Kenya’s plan to open primary and secondary schools next week is getting resistance from the leading teachers’ association, which says the schools are not well prepared to follow health protocols to prevent the spread of coronavirus. They say the schools need at least double the space they had before COVID-19 to keep children safe.
Some 16 million Kenyan children are expected to begin classes Monday after being out of school for nearly 10 months due to COVID-19 pandemic.
Nicholas Gathemia is the chairman of Kenya Primary Schools Head Teachers Association. He says schools will find it difficult to follow the health protocols meant to fight the coronavirus.
“The facilities we have are not adequate, they are inadequate to maintain the issue of social distance," Gathemia said. "We need three or four times the number of classes we have. Right now, we are facing challenges with grade 4 and grade 8 and I think if the rest of the school turns up it will be a big challenge.”
In October, Kenya reopened schools for students in grades 4, 8 and 12. The students in those grades are preparing for final exams. With the limited number of students, schools were able to spread out the classes to keep learners safe from the virus.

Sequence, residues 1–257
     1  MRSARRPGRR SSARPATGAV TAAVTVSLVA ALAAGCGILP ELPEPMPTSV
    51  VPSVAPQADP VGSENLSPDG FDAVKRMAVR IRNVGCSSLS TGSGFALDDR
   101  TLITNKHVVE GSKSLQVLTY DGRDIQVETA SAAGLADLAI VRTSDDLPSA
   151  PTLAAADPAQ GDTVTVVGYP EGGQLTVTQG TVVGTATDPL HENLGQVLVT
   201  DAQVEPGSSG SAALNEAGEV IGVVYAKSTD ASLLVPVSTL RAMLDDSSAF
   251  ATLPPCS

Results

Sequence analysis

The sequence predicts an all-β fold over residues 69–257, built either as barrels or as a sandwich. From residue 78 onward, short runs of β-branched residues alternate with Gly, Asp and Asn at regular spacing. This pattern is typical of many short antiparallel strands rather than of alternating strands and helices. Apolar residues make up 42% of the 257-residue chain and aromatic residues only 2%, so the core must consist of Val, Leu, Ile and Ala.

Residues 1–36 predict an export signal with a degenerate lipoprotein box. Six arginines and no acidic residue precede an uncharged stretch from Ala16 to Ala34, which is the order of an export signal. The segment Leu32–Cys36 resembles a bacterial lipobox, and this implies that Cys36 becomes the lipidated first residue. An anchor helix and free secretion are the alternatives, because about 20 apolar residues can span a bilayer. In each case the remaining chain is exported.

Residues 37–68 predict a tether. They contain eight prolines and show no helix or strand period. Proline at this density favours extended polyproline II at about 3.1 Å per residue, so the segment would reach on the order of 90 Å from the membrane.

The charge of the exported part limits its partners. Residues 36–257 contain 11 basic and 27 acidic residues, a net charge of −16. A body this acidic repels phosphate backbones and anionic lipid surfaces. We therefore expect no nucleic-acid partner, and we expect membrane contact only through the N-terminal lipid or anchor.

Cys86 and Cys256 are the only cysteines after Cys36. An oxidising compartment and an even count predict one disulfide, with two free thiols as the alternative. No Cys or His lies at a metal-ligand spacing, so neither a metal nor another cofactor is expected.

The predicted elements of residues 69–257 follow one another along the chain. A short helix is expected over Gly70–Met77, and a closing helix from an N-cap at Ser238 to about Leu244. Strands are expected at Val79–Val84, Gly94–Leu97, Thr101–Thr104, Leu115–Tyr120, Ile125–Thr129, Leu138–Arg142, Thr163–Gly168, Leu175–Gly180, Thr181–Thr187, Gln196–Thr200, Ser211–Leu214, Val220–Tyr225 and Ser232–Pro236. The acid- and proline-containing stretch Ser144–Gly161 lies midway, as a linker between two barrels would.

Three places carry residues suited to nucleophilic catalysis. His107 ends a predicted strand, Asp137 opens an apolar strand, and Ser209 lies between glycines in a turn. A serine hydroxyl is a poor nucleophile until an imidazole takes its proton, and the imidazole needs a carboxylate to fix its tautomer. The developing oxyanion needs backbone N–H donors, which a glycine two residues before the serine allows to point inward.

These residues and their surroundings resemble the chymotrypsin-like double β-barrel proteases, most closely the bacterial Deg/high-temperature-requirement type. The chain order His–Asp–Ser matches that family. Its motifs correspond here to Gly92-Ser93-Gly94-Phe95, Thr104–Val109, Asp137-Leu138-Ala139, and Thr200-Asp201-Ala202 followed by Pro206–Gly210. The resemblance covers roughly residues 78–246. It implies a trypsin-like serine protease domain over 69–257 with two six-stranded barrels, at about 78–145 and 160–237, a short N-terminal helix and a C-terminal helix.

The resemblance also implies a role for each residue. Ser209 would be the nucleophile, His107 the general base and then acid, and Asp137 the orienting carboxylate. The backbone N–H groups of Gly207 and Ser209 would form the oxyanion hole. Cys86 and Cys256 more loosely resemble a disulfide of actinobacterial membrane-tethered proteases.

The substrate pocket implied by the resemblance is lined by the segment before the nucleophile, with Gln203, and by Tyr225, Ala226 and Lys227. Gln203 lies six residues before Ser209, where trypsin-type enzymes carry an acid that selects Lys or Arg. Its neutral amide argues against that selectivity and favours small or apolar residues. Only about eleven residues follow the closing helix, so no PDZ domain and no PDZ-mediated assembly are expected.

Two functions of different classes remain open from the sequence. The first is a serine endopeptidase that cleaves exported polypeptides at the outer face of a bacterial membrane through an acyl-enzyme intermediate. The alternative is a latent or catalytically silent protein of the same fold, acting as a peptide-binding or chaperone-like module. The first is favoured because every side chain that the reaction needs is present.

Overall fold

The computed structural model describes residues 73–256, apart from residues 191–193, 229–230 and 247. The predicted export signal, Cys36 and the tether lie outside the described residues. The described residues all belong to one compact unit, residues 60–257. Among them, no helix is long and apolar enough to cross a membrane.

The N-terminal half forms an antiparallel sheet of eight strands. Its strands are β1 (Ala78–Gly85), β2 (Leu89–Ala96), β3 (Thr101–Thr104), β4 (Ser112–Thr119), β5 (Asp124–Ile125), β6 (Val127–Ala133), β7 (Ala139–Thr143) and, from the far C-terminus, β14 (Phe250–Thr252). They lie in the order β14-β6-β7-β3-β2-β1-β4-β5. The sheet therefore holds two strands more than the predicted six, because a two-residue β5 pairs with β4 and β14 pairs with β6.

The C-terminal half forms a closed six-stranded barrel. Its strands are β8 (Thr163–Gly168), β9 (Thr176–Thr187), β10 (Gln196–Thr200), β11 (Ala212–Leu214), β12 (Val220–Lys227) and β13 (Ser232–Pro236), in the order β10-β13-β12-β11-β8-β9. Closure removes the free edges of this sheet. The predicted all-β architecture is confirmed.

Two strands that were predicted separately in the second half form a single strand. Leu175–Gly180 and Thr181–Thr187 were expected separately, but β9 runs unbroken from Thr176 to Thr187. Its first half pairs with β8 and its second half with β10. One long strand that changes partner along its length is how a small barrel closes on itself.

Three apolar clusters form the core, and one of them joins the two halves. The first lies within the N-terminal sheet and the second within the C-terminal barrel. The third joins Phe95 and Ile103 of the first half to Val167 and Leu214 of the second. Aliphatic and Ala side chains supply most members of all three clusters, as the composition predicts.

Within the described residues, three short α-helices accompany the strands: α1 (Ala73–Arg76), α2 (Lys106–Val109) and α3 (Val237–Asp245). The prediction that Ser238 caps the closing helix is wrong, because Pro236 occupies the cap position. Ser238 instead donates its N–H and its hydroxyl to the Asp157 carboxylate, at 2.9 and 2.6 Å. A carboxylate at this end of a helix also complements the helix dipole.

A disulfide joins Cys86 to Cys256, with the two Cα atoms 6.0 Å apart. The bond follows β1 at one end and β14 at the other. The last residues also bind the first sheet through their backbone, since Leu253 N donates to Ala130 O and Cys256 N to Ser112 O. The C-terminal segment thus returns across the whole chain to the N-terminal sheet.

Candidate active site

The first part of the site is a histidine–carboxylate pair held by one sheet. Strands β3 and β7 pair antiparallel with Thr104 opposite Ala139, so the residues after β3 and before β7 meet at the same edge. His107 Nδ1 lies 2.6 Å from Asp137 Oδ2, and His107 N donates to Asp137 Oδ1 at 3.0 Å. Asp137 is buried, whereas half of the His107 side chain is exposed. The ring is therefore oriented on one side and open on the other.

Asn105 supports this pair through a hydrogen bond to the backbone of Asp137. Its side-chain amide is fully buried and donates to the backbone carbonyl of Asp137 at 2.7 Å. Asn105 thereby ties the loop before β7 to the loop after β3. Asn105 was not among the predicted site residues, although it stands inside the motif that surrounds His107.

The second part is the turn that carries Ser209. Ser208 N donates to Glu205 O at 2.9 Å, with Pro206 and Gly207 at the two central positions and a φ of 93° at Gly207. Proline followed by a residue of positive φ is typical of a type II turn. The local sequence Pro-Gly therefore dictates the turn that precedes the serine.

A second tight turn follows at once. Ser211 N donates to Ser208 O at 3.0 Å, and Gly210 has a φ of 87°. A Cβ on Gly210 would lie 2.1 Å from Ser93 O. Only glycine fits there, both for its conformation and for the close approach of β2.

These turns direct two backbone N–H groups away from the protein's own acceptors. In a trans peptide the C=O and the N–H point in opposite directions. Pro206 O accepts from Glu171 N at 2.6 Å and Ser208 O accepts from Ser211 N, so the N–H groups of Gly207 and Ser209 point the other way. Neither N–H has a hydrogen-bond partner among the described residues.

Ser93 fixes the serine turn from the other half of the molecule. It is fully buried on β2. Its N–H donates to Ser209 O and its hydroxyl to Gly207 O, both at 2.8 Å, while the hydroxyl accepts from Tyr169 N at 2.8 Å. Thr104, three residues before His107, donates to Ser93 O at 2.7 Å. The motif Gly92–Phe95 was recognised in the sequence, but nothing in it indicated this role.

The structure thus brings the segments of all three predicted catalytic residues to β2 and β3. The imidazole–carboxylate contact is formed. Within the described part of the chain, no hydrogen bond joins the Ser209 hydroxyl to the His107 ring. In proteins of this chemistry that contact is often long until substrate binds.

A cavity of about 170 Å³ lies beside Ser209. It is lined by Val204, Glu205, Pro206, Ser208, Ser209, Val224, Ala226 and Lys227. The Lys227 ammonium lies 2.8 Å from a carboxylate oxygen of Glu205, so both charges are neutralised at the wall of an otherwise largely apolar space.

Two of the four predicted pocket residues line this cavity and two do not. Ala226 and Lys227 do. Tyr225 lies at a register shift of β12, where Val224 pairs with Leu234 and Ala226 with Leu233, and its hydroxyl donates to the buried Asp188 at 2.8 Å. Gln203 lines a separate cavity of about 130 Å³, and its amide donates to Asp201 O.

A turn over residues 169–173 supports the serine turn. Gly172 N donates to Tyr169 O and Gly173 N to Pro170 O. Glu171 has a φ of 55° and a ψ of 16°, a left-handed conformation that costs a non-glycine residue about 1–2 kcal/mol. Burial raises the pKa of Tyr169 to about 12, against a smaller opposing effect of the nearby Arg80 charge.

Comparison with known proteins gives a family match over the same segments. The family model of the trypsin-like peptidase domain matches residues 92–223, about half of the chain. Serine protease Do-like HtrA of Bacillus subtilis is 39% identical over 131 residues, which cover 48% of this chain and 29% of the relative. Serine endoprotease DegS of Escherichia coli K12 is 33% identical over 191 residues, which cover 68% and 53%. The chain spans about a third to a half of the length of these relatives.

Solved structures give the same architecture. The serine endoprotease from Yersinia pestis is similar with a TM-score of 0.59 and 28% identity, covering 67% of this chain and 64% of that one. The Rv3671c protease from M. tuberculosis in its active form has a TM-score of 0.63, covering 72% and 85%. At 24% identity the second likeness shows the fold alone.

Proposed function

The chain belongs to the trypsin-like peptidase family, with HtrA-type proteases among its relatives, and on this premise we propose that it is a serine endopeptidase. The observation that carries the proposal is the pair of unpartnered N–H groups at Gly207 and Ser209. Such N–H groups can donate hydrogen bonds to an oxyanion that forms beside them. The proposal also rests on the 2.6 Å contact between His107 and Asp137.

Inspecting schools in Kisumu county Monday, Education Minister George Magoha said the government will disperse $190 million to schools to make sure learning continues after a 10-month closure due to the COVID-19 pandemic.
“Please use the money for the purposes it’s meant,” said Magoha. "This is not the time for anything else. We shall follow by doing due diligence, in the past we allowed anybody just to spend the money without due diligence, starting January 2021 that shall be our policy.”
However, Gathemia says the $40 million being given to primary schools is not enough.“That’s normal capitation it has always been inadequate to maintain a school. For example, in primary school annually we get 668 shillings ($6.13) per child, talk of 50 percent you may get 300 shillings ($2.75) this term and that 300 will be for subordinate staff and it's for all that work needed in school,” said Gathemia. "It's actually very little.”
Kenyan schools will be required to do more - provide clean water for washing hands, hand sanitizers and face masks to keep children safe in the learning institutions.
Tomkins Baraza is a high school teacher and comments on education issues. He says opening schools provides both opportunities and a challenge for students.
“We shall have very few indiscipline cases, indiscipline cases will reduce, (for) example, drug abuses, pregnancies as many learners will be in schools where we have rules and regulations and a lot of guidance and counseling from teachers… then the teachers will also have a great challenge whereby they will be dealing with many learners and you might find that some of those learners might come with this pandemic to school and spread to others,” said Baraza.
Since the partial re-opening of schools in October, 35 schools have reported positive coronavirus cases and at least two teachers died of the virus.